A Note from Ross Hall
With the recent inauguration of Thomas J. LeBlanc as the 17th President of the George Washington University, we celebrated and recommitted ourselves to a collective aspiration to achieve preeminence as a comprehensive global research university. Central to that vision is the continued success of the School of Medicine and Health Sciences (SMHS) and its academic and clinical partners. In the pages of this magazine, I am proud to highlight some of the remarkable advances that we are making in the areas of innovation, research, education, and clinical care on our path to preeminence.
Through the creativity of artist Michael Kirby, the magazine cover highlights our adoption of the emerging technology of virtual reality as a clinical and teaching tool in neurosurgery. The use of virtual reality in medicine is creating new opportunities to think about the way we train students, prepare for surgical and medical procedures, and educate patients, such as Danielle Collins, whom you will meet in this edition of Medicine + Health.
While we continue to lead in the use of futuristic technologies, we also remember our past and the important role that our faculty and alumni have played in advancing medicine and health care. In this issue, we embark on a long-form, nonfiction series called “Observation” that highlights GW’s historic role during the HIV/AIDS epidemic in Washington, D.C. In the first chapter, I am interviewed about the very early days of the epidemic when GW was truly on the front lines. The message is that our path to preeminence is built on our commitment to educating our learners and providing compassionate, patient-centered care.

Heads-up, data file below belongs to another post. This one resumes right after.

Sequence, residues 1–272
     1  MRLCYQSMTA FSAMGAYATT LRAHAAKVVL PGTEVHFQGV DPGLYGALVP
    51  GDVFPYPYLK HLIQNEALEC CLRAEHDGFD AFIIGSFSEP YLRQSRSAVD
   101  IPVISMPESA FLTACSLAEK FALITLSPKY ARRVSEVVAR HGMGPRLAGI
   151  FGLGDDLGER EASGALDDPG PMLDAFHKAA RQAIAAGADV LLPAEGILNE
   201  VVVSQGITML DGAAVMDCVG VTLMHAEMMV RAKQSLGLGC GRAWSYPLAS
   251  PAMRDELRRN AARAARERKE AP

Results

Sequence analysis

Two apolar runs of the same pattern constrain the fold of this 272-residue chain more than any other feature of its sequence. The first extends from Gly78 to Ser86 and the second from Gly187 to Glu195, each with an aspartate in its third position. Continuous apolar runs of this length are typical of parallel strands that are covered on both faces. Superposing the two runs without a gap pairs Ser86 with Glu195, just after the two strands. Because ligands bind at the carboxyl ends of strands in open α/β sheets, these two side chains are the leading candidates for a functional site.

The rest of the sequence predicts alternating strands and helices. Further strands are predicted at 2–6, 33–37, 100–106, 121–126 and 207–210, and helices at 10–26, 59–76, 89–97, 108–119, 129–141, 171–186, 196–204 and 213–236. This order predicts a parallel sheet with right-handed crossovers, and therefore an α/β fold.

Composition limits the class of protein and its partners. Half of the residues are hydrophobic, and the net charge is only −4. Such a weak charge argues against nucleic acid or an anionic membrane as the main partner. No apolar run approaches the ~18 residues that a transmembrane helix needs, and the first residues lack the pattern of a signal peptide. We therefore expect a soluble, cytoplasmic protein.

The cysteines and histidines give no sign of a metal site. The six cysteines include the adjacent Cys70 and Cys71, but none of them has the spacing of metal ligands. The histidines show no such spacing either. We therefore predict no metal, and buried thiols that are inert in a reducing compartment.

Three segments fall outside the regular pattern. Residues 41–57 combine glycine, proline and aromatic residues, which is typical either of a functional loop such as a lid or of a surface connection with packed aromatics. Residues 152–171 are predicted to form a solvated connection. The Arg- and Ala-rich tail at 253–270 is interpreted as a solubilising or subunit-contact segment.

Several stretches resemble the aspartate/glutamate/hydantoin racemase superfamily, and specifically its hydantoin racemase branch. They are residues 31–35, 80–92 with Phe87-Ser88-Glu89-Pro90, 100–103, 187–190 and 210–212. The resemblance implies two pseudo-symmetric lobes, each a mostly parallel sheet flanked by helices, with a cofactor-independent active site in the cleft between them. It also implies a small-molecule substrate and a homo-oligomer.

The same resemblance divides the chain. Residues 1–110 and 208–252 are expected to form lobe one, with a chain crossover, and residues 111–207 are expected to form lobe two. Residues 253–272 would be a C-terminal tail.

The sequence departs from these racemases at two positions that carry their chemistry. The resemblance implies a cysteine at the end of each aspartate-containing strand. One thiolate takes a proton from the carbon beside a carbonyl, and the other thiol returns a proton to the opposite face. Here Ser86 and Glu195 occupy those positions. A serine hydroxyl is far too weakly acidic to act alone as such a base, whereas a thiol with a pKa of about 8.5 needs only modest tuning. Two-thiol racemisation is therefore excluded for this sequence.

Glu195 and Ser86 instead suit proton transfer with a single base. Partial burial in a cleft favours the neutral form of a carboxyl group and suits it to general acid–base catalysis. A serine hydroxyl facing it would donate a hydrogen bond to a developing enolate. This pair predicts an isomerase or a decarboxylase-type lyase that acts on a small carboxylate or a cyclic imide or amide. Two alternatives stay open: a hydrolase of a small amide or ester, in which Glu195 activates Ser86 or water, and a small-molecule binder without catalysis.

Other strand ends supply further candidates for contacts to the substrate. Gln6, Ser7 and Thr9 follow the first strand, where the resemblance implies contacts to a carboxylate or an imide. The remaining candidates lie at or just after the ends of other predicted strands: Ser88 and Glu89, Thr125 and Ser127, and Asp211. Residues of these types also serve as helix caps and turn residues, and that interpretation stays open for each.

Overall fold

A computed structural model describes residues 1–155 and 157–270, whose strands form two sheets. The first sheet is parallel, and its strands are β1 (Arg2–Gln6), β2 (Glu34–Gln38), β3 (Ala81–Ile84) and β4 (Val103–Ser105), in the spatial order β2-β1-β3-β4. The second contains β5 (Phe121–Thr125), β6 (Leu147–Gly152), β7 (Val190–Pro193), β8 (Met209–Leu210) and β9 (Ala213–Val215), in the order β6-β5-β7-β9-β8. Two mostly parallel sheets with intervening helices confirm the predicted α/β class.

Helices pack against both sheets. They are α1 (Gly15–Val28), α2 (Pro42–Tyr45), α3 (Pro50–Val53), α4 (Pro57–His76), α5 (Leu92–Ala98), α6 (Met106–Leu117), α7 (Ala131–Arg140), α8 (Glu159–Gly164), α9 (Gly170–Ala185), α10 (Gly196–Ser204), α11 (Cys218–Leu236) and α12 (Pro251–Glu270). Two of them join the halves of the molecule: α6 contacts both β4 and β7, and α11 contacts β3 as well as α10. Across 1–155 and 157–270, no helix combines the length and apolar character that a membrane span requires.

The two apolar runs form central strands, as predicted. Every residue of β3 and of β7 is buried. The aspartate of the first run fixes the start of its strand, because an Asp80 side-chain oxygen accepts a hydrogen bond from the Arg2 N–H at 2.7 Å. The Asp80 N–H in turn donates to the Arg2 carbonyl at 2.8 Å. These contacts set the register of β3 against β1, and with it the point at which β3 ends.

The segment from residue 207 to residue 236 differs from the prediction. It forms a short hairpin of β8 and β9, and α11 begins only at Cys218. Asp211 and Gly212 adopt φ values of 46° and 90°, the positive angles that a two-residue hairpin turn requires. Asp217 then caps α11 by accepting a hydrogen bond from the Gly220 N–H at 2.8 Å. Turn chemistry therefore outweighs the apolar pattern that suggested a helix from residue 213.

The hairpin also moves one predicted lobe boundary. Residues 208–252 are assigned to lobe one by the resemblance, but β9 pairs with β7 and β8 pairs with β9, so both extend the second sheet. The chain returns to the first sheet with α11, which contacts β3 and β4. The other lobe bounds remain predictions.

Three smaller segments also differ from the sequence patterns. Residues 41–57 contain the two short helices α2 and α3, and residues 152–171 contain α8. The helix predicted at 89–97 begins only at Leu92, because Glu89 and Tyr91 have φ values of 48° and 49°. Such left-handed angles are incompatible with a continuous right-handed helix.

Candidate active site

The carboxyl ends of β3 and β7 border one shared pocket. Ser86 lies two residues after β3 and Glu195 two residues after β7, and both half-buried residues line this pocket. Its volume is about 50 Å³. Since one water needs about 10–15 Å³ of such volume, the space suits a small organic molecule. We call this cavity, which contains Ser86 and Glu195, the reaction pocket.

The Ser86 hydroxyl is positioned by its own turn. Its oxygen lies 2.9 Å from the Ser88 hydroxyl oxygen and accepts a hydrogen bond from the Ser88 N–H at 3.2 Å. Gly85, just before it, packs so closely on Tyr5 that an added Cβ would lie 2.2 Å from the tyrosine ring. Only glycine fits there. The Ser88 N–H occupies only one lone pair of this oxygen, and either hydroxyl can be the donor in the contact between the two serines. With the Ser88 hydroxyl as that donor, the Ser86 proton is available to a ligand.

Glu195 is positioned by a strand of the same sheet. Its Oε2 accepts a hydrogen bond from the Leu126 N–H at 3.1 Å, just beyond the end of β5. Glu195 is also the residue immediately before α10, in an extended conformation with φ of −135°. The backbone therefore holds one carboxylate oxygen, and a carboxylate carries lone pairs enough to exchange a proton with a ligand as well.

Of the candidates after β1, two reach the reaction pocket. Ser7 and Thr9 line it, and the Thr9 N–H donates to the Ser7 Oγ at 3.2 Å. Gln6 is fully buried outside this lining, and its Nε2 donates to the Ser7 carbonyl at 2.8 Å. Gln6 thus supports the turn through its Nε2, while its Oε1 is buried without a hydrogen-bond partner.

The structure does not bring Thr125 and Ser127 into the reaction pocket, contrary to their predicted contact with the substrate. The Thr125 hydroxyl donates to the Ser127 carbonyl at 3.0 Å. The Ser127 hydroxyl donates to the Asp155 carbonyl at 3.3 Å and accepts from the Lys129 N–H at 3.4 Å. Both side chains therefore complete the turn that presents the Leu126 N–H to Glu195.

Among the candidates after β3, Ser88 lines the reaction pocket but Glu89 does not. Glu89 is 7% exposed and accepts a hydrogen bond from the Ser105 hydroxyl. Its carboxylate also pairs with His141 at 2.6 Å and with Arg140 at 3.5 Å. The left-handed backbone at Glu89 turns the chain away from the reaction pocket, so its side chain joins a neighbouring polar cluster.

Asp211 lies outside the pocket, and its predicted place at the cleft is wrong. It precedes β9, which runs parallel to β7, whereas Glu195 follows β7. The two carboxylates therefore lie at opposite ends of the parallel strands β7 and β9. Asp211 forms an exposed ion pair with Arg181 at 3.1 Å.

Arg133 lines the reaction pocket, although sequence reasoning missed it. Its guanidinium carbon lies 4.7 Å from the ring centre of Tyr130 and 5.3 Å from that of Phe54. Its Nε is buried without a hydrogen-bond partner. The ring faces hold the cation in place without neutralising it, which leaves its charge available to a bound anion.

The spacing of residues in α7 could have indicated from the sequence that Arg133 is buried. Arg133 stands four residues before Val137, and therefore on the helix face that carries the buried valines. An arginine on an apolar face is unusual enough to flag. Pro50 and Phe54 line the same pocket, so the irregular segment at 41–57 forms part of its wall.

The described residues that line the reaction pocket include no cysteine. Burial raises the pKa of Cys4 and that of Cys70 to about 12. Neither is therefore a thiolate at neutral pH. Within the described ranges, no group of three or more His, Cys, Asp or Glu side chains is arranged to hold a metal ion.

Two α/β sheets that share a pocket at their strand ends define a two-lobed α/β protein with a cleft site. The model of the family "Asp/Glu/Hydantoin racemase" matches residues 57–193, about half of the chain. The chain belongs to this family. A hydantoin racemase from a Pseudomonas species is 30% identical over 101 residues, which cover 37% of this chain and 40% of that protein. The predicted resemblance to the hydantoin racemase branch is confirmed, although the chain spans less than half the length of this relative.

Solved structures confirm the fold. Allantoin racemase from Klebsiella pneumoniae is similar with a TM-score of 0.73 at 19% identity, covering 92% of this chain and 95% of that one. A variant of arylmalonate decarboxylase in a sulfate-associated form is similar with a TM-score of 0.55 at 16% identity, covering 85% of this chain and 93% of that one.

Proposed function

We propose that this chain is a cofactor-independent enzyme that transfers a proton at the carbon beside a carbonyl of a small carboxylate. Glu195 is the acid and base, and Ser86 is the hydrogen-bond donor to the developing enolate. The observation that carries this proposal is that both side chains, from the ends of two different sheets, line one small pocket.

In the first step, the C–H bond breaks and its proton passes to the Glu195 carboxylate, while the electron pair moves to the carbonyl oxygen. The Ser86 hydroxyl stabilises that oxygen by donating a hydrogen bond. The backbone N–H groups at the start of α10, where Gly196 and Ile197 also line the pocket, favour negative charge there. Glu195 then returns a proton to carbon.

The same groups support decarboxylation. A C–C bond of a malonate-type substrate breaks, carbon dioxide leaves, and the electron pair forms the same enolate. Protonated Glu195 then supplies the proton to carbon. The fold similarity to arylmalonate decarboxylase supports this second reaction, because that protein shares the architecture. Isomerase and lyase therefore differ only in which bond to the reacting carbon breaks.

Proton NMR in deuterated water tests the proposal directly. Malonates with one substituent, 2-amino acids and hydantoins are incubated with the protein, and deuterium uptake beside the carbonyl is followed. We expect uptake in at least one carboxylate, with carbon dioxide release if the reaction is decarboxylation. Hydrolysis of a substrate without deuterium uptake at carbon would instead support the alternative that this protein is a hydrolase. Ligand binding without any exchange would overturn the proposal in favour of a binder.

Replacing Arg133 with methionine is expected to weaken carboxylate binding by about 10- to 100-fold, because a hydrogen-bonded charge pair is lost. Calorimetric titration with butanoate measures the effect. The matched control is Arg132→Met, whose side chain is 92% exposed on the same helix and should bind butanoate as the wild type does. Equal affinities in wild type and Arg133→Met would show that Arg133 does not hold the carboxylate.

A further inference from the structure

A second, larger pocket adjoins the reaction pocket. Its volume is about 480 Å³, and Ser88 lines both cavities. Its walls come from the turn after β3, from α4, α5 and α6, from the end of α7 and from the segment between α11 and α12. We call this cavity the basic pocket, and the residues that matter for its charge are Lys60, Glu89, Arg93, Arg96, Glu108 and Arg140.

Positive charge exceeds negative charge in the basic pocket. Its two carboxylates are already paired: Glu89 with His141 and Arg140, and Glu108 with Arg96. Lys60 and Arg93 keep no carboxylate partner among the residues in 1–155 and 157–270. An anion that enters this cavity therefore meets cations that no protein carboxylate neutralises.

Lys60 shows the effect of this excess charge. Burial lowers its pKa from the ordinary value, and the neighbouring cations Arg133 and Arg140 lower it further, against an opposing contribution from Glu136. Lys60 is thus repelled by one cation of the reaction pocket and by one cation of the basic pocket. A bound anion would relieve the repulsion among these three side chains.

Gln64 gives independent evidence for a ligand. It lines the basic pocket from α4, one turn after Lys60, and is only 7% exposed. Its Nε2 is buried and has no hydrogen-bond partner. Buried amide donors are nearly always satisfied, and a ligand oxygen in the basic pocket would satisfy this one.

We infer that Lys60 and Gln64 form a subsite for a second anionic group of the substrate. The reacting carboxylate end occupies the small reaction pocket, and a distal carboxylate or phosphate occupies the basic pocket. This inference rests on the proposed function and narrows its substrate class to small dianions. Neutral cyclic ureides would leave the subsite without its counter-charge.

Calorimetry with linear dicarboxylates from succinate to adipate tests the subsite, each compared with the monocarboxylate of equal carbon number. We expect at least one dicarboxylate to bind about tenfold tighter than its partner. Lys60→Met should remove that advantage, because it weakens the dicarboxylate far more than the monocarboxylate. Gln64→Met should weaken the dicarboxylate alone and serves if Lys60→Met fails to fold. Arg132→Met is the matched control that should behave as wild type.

Finally, as we celebrate this holiday season of reflection, I want to express my sincere gratitude to all of our alumni, faculty and staff, trainees, students and friends of SMHS. Your dedicated engagement and generous support of SMHS is truly vital to our continued success and deeply appreciated.
Jeffrey S. Akman, M.D. ’81, RESD ’85
Vice President for Health Affairs
Walter A. Bloedorn Professor of Administrative Medicine
and Dean, School of Medicine and Health Sciences